Said to be 'inspired by nature' (calm down Galaxy S3 fans), a team of international researchers have created synthetic pores that accurately re-produce the function of cellular ion channels – proteins that allows our cells to absorb essential nutrients but keep the more harmful substances out, a vital role in human health.

According to Bing Gong PhD, a chemistry professor at the University of Buffalo and who led the research, the synthetic pores reproduce a type of extreme selectivity that is unprecedented for a man-made synthetic structure. The team created the pores using a method in which donut-shaped molecules called 'rigid macrocycles' are forced to sit atop one another. Using hydrogen bonding to literally 'stitch' the molecules together, the researchers created a nanotube structure with a pore less than a nanometer in diameter – selective enough to allow potassium ions and water to pass through but restrictive enough to block potentially harmful ions such as sodium and lithium ions.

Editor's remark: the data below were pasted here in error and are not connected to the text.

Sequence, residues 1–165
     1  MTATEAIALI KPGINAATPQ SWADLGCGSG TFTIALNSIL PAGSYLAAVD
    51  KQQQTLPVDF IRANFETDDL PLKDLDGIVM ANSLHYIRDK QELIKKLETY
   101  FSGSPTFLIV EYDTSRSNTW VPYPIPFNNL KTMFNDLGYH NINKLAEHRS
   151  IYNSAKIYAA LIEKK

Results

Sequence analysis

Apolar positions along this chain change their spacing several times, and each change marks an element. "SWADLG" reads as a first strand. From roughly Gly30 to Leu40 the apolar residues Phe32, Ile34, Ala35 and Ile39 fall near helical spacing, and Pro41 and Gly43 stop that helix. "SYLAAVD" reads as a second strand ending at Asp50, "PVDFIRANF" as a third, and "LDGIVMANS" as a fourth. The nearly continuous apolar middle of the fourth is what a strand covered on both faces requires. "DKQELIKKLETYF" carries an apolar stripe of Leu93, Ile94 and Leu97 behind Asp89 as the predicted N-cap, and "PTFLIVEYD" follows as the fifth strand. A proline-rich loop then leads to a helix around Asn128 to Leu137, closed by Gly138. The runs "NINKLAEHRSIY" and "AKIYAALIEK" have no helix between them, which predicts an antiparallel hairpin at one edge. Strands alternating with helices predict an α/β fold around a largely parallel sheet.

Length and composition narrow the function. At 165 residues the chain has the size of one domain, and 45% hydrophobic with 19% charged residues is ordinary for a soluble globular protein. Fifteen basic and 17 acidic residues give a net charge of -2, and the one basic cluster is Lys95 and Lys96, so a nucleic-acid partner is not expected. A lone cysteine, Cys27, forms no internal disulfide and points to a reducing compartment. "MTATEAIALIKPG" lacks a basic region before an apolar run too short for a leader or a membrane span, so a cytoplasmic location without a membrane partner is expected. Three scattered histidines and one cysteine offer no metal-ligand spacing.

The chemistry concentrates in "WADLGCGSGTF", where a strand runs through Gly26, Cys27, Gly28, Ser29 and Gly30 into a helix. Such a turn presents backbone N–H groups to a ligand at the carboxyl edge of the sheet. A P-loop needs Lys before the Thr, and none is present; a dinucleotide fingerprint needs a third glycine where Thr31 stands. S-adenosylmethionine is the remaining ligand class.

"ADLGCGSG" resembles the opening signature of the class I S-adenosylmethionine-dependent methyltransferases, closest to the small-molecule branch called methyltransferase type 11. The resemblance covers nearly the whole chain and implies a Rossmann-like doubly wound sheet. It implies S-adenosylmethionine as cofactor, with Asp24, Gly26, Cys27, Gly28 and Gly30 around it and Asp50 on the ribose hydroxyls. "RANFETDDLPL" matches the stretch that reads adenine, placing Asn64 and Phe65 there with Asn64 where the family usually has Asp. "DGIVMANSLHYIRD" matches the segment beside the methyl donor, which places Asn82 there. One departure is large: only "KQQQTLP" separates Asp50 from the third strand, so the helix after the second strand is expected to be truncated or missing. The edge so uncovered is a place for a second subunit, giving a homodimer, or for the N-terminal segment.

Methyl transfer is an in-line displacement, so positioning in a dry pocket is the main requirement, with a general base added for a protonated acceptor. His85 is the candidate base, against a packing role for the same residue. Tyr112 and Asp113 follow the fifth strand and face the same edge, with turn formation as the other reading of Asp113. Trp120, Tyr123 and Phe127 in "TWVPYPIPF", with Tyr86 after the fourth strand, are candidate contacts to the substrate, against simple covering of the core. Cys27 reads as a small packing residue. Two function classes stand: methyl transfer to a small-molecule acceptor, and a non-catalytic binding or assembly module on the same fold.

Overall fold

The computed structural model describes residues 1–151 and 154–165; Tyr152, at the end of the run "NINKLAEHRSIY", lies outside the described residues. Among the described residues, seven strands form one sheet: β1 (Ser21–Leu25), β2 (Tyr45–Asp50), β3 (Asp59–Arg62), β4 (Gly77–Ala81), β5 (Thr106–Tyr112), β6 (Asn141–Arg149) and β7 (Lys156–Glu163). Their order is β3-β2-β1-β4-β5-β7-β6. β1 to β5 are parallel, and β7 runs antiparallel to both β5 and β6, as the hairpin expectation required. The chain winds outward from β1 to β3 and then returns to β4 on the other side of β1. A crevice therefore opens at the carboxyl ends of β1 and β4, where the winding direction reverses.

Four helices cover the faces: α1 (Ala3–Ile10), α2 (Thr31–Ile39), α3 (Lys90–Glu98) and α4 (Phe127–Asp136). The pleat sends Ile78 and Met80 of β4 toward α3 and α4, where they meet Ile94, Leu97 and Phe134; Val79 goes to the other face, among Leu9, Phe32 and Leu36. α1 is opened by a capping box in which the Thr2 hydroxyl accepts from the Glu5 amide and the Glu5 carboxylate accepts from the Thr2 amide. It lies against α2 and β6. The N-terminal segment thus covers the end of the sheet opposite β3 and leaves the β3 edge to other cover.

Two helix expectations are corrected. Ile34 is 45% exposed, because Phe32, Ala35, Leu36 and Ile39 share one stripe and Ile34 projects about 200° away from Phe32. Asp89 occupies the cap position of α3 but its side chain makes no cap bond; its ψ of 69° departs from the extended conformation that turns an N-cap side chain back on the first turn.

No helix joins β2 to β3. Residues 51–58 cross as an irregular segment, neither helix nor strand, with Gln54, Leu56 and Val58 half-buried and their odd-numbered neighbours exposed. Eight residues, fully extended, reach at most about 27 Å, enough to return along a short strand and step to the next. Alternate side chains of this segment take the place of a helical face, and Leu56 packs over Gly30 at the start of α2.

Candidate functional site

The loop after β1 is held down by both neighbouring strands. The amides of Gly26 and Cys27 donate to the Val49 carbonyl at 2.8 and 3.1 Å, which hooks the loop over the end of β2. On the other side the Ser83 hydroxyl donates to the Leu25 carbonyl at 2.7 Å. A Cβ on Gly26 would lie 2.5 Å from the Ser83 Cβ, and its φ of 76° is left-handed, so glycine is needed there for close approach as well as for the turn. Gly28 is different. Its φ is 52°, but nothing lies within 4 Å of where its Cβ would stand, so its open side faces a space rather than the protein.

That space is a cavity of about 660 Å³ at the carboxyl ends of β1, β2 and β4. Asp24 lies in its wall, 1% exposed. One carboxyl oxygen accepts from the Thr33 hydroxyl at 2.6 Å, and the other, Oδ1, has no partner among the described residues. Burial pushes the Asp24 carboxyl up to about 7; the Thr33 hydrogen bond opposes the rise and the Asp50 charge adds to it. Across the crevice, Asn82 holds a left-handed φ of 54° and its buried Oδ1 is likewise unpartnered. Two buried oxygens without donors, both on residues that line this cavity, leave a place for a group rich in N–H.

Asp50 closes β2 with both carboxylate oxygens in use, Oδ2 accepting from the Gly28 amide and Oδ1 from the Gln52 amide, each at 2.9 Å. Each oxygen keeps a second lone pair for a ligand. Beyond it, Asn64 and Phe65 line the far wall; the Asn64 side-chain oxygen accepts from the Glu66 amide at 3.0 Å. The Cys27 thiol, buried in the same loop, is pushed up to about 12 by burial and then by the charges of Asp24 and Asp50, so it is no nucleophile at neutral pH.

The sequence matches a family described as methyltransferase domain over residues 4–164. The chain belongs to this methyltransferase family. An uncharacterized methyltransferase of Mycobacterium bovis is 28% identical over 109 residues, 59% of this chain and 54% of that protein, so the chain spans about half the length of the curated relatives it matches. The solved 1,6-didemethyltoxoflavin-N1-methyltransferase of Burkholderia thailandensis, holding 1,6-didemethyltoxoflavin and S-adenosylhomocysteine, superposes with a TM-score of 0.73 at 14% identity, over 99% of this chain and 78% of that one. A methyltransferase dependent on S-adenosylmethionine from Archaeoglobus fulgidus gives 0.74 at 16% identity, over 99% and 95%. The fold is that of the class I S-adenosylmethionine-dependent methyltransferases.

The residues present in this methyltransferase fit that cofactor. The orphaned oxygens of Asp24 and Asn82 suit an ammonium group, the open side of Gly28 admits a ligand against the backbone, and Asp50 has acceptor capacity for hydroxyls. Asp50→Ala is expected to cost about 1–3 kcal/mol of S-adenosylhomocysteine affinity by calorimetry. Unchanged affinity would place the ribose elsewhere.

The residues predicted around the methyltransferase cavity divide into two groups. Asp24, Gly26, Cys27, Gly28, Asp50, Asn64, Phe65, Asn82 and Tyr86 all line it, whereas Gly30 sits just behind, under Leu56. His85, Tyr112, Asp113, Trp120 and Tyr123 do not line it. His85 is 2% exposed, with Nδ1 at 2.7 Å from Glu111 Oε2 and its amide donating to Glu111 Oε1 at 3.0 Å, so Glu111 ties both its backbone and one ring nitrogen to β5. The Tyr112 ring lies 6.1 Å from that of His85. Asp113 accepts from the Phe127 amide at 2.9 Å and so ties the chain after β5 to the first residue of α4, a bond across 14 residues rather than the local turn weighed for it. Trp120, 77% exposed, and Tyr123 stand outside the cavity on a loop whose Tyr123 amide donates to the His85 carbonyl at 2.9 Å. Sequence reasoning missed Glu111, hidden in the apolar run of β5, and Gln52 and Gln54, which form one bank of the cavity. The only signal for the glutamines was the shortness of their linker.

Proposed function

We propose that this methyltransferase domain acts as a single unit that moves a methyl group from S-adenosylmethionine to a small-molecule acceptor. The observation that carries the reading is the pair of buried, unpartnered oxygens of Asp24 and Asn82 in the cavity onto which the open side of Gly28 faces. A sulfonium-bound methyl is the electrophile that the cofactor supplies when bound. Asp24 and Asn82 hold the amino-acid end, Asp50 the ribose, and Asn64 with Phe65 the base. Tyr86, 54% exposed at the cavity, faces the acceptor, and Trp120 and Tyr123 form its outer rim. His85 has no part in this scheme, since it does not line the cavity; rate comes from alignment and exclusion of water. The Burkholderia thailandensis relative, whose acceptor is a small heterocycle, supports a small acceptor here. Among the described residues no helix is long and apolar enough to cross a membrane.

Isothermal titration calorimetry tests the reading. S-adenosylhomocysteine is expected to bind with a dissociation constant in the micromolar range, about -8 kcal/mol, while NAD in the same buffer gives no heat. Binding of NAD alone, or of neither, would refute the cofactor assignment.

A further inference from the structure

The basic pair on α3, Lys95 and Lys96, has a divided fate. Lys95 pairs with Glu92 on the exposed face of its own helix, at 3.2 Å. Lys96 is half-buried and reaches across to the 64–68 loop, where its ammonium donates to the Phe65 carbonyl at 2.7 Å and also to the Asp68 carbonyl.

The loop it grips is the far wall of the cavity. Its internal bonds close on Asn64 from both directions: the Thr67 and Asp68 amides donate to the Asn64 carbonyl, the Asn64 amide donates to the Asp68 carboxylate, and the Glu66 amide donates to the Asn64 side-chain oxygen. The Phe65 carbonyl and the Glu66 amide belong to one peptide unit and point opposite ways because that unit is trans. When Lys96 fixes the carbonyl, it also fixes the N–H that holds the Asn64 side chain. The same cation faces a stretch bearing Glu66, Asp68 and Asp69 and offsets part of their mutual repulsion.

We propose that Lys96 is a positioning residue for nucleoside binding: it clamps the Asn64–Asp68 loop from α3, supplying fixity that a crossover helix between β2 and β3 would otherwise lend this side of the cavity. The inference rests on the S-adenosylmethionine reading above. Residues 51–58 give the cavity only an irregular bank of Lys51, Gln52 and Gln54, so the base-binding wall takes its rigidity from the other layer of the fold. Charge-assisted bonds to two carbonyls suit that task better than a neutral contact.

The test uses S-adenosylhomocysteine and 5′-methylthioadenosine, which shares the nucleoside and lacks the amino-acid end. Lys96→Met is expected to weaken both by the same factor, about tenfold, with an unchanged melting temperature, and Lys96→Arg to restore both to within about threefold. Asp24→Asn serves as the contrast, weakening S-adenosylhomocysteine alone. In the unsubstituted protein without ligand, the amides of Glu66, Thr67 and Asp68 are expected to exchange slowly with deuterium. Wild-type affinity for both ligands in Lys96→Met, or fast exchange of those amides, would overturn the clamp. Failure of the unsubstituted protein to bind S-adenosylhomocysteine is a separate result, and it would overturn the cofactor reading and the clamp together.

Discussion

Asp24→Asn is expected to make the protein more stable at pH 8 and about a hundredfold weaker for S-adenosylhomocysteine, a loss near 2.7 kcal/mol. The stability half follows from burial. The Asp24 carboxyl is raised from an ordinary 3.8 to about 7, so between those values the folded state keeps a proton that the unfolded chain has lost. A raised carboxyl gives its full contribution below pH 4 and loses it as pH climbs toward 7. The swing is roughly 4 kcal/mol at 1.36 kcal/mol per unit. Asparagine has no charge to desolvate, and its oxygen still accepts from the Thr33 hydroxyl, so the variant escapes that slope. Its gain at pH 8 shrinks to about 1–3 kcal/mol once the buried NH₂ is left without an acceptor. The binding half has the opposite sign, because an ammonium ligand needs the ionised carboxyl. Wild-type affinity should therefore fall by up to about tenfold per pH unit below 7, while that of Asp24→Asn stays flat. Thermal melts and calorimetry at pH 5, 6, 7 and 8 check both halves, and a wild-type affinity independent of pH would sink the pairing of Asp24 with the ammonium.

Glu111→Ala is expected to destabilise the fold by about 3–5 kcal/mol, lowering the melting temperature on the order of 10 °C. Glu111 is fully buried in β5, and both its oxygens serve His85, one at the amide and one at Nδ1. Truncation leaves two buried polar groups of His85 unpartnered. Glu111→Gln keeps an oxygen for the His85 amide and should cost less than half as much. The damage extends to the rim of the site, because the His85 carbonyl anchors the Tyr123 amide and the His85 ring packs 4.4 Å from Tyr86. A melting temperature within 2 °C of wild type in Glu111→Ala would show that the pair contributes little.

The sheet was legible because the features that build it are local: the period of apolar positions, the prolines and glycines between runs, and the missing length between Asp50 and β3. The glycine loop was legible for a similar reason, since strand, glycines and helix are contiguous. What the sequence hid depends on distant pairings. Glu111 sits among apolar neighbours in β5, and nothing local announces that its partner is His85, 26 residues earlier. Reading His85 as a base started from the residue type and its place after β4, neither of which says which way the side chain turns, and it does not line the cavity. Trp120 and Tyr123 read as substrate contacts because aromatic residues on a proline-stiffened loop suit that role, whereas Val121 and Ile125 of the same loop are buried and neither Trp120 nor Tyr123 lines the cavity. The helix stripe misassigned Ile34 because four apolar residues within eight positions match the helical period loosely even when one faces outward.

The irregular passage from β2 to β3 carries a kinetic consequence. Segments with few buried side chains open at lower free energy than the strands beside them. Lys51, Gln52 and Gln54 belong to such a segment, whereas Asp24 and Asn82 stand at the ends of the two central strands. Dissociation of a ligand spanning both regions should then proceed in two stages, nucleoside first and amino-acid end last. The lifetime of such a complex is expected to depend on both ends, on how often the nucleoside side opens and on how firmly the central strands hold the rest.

What does all that mean? As it might be obvious by now, the synthetic pores could be used to desalinate sea water – an estimated 900 million people across the globe still don't have access to clean drinking water – and, potentially, be used to cure diseases and kill threatening tumours by regulating the substances allowed to pass through the cell. This is one well worth keeping an eye on.

Richard Birkett

Source: Nature Communications

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